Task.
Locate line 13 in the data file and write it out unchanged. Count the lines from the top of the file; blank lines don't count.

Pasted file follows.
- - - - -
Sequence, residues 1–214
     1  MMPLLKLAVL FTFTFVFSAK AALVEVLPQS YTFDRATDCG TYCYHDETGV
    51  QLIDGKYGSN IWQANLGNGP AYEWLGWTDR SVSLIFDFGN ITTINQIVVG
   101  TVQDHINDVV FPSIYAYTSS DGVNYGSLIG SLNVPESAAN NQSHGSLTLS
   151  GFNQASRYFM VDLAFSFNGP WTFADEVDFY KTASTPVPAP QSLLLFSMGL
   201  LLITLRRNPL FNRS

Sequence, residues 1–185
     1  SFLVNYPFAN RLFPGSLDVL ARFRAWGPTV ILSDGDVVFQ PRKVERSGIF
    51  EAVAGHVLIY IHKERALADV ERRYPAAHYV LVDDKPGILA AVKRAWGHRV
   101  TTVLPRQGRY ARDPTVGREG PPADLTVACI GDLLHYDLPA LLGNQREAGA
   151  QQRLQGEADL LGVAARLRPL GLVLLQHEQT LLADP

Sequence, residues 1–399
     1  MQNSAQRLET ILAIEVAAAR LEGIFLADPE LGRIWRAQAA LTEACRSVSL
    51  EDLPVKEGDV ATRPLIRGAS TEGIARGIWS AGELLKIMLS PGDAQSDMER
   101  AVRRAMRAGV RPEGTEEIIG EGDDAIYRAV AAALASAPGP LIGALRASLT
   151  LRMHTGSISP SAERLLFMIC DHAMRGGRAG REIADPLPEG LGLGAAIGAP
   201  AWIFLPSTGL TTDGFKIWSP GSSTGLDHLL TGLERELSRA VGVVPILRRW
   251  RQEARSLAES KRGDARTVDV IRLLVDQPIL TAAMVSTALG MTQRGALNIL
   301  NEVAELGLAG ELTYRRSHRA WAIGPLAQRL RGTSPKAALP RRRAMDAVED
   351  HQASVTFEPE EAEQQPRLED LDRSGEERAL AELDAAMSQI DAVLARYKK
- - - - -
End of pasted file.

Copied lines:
     1  MQNSAQRLET ILAIEVAAAR LEGIFLADPE LGRIWRAQAA LTEACRSVSL